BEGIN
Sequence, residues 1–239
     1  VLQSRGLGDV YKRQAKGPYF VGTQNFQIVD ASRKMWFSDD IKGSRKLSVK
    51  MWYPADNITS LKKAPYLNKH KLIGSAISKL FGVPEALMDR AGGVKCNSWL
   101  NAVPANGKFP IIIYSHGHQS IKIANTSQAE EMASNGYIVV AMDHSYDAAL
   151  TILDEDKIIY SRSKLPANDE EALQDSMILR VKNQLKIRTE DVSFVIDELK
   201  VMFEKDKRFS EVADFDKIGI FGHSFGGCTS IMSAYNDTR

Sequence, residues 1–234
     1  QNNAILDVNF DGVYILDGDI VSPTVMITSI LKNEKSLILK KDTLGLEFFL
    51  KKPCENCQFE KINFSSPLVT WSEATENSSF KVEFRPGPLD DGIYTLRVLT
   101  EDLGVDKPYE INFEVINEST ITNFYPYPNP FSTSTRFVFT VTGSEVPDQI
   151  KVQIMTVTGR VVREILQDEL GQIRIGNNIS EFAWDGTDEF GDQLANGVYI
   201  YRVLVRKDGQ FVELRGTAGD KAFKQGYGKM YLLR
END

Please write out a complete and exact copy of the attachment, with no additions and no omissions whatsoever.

Sequence, residues 1–239
     1  VLQSRGLGDV YKRQAKGPYF VGTQNFQIVD ASRKMWFSDD IKGSRKLSVK
    51  MWYPADNITS LKKAPYLNKH KLIGSAISKL FGVPEALMDR AGGVKCNSWL
   101  NAVPANGKFP IIIYSHGHQS IKIANTSQAE EMASNGYIVV AMDHSYDAAL
   151  TILDEDKIIY SRSKLPANDE EALQDSMILR VKNQLKIRTE DVSFVIDELK
   201  VMFEKDKRFS EVADFDKIGI FGHSFGGCTS IMSAYNDTR

Sequence, residues 1–234
     1  QNNAILDVNF DGVYILDGDI VSPTVMITSI LKNEKSLILK KDTLGLEFFL
    51  KKPCENCQFE KINFSSPLVT WSEATENSSF KVEFRPGPLD DGIYTLRVLT
   101  EDLGVDKPYE INFEVINEST ITNFYPYPNP FSTSTRFVFT VTGSEVPDQI
   151  KVQIMTVTGR VVREILQDEL GQIRIGNNIS EFAWDGTDEF GDQLANGVYI
   201  YRVLVRKDGQ FVELRGTAGD KAFKQGYGKM YLLR